In other news, Brazil's president-elect Jair Bolsonaro confirmed on Twitter Thursday that he intends to move his country's embassy from Tel Aviv to Jerusalem. "As previously stated during our campaign, we intend to transfer the Brazilian Embassy from Tel-Aviv to Jerusalem," Bolsonaro wrote. "Israel is a sovereign state and we shall duly respect that." Bolsonaro's public statement confirmed his comments to Israel Hayom on Thursday. "When I was asked during the campaign if I would do it when I became president, I said, 'Yes, the one who decides where the capital of Israel is, is you, not other nations,'" he told the paper.

In regional news, Prime Minister Netanyahu asked senior officials in the Trump White House to continue supporting Saudi Crown-Prince Mohammad bin Salman following the murder of Saudi journalist Jamal Khashoggi, the Washington Post reported on Thursday. Citing U.S. officials, the report stated that Netanyahu described the Crown Prince as a "strategic ally". The report said that a similar message was conveyed to the White House by Egyptian President 'Abdelfattah as-Sissi. There have been reports in recent months of an increase in Israeli-Saudi intelligence cooperation. In a new sign of growing ties, the kingdom's Crown Prince hosted a delegation of Evangelical Christians on Thursday in Riyadh led by a prominent pro-Israel advocate, Joel C. Rosenberg, an author and Evangelical activist who lives in Israel. Other participants included Mike Evans, founder of the Friends of Zion Museum in Jerusalem.

Finally, business ties between Israel and China took another step forward as several high-level bilateral collaboration agreements were signed at the fourth annual China Yunnan-Israel Innovation Cooperation Forum on Thursday.
One week after the business-oriented visit of Chinese Vice President Wang Qishan, a high-level business delegation from China's Southwestern Yunnan province including Vice Governor Zong Guoying arrived in the country to deepen relations with Israel's innovation scene. Zong said that in order to implement collaboration plans signed by Wang and Prime Minister Netanyahu last week, Yunnan would focus on deepening cooperation in the fields of technology, trade and agriculture. Among the agreements concluded at the forum, Yunnan Investment Holdings Group (YIG), which has assets worth approximately $40 billion, inked deals with Israel Chemicals and leading IT company, Aman Group.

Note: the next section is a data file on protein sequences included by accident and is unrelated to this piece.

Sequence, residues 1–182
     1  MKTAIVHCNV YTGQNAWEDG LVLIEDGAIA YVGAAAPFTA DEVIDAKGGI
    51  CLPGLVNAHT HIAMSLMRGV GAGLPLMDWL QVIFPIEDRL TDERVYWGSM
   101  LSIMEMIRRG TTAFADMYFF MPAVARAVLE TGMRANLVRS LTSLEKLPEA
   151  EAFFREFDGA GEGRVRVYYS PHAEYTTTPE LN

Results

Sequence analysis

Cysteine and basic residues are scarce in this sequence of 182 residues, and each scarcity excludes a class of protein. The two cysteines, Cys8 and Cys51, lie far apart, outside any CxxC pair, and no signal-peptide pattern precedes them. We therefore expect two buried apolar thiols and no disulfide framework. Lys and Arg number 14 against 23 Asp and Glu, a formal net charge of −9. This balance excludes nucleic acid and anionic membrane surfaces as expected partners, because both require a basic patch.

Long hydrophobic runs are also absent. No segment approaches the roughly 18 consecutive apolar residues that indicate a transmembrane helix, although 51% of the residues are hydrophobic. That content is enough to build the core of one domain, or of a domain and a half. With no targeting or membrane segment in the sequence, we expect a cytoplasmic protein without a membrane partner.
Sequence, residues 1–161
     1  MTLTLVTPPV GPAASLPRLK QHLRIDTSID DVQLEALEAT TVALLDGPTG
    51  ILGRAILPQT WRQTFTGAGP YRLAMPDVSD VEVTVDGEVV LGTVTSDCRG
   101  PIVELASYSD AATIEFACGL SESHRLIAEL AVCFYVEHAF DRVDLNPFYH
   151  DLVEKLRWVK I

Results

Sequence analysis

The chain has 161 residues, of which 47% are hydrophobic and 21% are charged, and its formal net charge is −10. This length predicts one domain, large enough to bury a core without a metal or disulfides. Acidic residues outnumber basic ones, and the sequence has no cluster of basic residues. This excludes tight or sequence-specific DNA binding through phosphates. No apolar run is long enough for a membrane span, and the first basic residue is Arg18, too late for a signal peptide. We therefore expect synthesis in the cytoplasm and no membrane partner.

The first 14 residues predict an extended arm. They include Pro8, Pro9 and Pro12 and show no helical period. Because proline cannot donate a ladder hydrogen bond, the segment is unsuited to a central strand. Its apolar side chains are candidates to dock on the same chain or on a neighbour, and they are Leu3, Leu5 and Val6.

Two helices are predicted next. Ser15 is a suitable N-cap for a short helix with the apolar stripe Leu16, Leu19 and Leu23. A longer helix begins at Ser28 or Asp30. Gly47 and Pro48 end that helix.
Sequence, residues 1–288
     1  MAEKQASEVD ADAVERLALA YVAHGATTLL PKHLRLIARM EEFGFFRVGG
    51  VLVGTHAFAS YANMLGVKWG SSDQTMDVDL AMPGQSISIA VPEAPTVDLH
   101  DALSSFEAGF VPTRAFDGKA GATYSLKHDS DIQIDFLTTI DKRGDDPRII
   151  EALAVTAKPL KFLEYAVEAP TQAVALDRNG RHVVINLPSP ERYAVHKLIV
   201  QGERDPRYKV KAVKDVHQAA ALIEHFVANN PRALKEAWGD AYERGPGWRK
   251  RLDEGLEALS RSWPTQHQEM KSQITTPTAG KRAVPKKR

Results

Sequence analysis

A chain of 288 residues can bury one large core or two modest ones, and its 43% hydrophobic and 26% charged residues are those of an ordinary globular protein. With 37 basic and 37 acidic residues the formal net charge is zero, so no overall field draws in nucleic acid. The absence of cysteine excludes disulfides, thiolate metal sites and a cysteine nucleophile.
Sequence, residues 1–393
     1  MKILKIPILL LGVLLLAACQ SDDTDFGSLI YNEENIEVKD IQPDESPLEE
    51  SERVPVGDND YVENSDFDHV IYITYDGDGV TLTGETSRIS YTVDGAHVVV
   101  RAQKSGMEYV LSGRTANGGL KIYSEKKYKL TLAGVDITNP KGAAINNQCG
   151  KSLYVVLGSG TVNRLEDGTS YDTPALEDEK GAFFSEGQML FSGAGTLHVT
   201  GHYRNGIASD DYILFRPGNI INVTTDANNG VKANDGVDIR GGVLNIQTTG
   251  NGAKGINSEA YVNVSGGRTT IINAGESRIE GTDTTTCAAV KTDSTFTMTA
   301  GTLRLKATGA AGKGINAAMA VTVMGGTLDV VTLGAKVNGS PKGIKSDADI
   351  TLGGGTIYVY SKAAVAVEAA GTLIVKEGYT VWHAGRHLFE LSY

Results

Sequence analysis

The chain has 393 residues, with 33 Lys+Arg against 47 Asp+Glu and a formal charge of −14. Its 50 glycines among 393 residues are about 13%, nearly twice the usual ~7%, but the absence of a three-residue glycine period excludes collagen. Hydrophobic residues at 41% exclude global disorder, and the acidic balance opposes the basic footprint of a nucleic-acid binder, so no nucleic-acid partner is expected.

MONEY TIME FOR ISRAEL ON ALL FRONTS: Nahum Barnea in Yedioth Ahronoth interviews Brigadier Dror Shalom, head of the research division in IDF military intelligence, about the day after Abu Mazin, Gaza, Iran and Syria.

"Q: Are we witnessing Abu Mazin's swan song? What awaits us after him?

A: I will say a few things that are uncomfortable for some people. There are two big issues before us – Iran and the Palestinians. Now is the money time. The main arena is Iran and its affiliates. There is a tremendous opportunity to put pressure on Iran in a full-court press, an opportunity that is beginning to materialize. Regarding the Palestinians, I am very cautious. What I will say will not be a recommendation, will not be a political opinion. I will make a strategic assessment. We voice our assessments out of complete freedom, within and outside Military Intelligence, even when our opinions are not popular.

Gaza First. Operation Protective Edge created relative quiet for a while. Gaza is a real swamp – a serious humanitarian problem, a desperate public. We calculated in real time that the humanitarian problem would pose a challenge to Hamas, and that they would lay their public on our shoulders. They tried to bring into Gaza tools that improve their rocket's performance. The attempt failed. What did they do? Went to the fence. We are on the brink of escalation. Our challenge is to raise the heads of the residents above the sewage water. The collapse of Hamas is not a solution. If Hamas collapses, who will rule Gaza, Polli Mordechai?

The second challenge is Judea and Samaria. There is relative calm there. We have maintained the fabric of life. We have succeeded in stopping the lone-wolf terror – inter alia because we have prevented collective punishment, despite the calls to use collective punishment. But there is also despair and frustration there, a society in depression. Two ideas have accompanied them since 1967 - the armed struggle and the accords. As far as they are concerned, they both failed.

After Abu Mazin there will be changes. The security forces may reduce their cooperation with the IDF. That is a serious problem. Abu Mazin sees a dead end everywhere, in every way. In his desperation he is becoming more and more oppositional. He is surrounded by people who do not want to commit suicide - the Palestinian Authority is the basis of their existence. The PA will not disappear, but I do not believe that whoever replaces Abu Mazin will be more pragmatic than him, and will stick to the coordination with Israel like him. The challenge is great.

Q: This Sunday, the new sanctions that Trump imposed on Iran will be activated. What do you think will happen after that?